The first and only of its kind, this project provides an overview of the emerging – and growing – digital or multimedia undergraduate journalism education in U.S.
By September 2012, through a comprehensive examination of more than 500 journalism and communication programs in U.S., 109 programs are identified as digital or multimedia journalism programs.
The list/map will see a comprehensive update in summer 2013 to account for program changes in 2012-13 academic year.
How I categorize a digital/multimedia journalism program
This project is based on an examination of 483 journalism and communication programs in the “2010 Annual Survey of Journalism & Mass Communication Enrollments” published by Journalism & Mass Communication Educator (winter 2011), as well as online searches for programs not included in that survey.
Each category is indicated with a color marker on the map. The legend is as follows:
- Fully integrated: All students must take dedicated courses in digital or multimedia journalism, and must take reporting and production courses for both print and broadcast platforms.
- Partly integrated: All students must take dedicated courses in digital/multimedia journalism, and choose a concentration in, or multiple courses that focus on, a specific print or broadcast platform.
- Silo: Students choose a concentration or track that is focused on digital/multimedia journalism. Separate tracks exist for other platforms such as broadcast or print.
- Electives only: Students may choose dedicated courses in digital/multimedia journalism, but they are not required. (This category is not plotted on the map)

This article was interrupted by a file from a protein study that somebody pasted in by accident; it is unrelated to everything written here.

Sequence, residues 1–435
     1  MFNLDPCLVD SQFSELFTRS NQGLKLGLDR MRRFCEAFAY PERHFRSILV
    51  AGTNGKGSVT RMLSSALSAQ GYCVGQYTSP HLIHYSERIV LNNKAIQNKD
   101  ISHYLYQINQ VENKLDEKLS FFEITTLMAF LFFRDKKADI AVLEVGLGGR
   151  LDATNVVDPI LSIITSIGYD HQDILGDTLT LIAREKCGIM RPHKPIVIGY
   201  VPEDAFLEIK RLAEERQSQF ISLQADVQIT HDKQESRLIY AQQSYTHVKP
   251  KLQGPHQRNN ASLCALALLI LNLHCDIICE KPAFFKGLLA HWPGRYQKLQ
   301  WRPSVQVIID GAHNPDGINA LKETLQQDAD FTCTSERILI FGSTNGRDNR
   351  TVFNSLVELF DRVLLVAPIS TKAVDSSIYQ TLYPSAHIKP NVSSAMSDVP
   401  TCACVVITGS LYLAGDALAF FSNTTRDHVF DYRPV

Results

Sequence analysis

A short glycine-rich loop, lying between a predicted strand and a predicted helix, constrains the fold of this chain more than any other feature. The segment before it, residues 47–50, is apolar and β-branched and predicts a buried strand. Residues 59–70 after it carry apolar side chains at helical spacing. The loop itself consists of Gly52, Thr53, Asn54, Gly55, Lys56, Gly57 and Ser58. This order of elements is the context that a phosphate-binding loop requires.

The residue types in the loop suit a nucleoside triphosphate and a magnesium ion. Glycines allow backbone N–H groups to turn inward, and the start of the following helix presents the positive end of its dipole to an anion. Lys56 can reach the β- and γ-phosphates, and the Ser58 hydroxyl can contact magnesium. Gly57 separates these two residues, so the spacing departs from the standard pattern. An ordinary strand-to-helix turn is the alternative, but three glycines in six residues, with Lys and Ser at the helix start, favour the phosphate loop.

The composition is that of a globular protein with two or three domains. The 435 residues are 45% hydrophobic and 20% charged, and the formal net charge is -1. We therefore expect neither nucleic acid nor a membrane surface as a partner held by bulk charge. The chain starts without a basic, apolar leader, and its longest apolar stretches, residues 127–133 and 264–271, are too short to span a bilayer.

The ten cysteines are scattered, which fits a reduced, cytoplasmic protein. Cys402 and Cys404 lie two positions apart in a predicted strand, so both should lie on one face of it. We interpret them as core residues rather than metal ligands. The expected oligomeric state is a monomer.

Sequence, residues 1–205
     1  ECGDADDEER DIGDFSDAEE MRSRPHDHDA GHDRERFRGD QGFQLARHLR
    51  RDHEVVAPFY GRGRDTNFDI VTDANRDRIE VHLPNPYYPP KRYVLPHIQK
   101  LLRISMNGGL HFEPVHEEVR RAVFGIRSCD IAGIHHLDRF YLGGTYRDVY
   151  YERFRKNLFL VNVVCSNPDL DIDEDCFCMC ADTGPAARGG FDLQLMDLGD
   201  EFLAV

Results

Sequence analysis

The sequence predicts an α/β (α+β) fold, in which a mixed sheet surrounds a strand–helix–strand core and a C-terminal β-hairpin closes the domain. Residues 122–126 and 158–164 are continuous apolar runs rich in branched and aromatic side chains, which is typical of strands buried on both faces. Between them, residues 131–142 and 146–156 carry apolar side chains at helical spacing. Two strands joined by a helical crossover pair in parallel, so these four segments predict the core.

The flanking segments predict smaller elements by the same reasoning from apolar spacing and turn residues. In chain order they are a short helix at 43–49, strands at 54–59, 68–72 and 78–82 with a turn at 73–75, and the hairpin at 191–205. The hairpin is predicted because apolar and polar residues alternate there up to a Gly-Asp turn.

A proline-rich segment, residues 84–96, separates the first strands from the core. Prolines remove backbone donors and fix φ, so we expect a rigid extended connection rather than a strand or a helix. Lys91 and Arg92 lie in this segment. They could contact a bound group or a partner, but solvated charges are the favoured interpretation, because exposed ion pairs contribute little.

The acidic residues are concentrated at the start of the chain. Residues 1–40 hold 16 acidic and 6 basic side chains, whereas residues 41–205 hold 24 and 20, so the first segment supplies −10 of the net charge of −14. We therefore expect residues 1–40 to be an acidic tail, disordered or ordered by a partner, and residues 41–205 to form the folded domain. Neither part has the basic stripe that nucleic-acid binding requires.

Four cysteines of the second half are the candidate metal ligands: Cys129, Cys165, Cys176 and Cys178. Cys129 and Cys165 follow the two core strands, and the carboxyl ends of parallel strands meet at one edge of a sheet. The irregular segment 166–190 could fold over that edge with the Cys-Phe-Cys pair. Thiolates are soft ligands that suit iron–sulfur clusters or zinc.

Findings: Digital/multimedia journalism education in U.S.
- Digital journalism education in U.S.: The accelerating trend
- What is a digital/multimedia journalism course?
- How to teach digital/multimedia journalism? An analysis of 30 syllabi
- Gap between journalism education and the (changing) journalism profession
- What is a digital/multimedia journalism program curriculum?
- Photography should be a core course for digital journalism education
- How to develop a forward-looking digital journalism program? (must read!)
- Digital training is lacking for journalism students
- A survey of master’s programs in digital journalism in U.S.
- What to teach in an intro digital journalism class: web writing, mobile, data, multimedia storytelling
- Survey: Only a few colleges see the need for all communication students to take digital skill courses
Limitations of this survey
The primary research method was to examine degree requirements, curriculum and syllabi posted on the website of a journalism program. It has the following limitations:
- Programs that may be “digital/multimedia” but don’t have a posted online degree requirement are not included in this survey.
- This project only examines courses that have an explicit title which indicates the digital contents or nature of the course; the course content indicators include “digital,” “multimedia,” “online,” “multi-platform,” “cross-platform,” “convergence,” etc.
- This project does not include programs that offer conventional journalism courses with built-in digital/multimedia components.
- This project is not able to differentiate the scope of digital journalism training that a program offers: per current definition, a “fully integrated” program may be a program that offers one (and only one) digital journalism class, and it may also be a program that offers multiple digital courses.
Thus programs on this list should not be construed as the only schools/programs teaching digital or multimedia journalism in U.S.
Mu Lin, Ph.D.
Infographic: How to develop a digital journalism program
Here’s an infographic for an “ideal” model of digital journalism degree program; it is based on findings in this survey as well as my own thoughts on digital journalism education.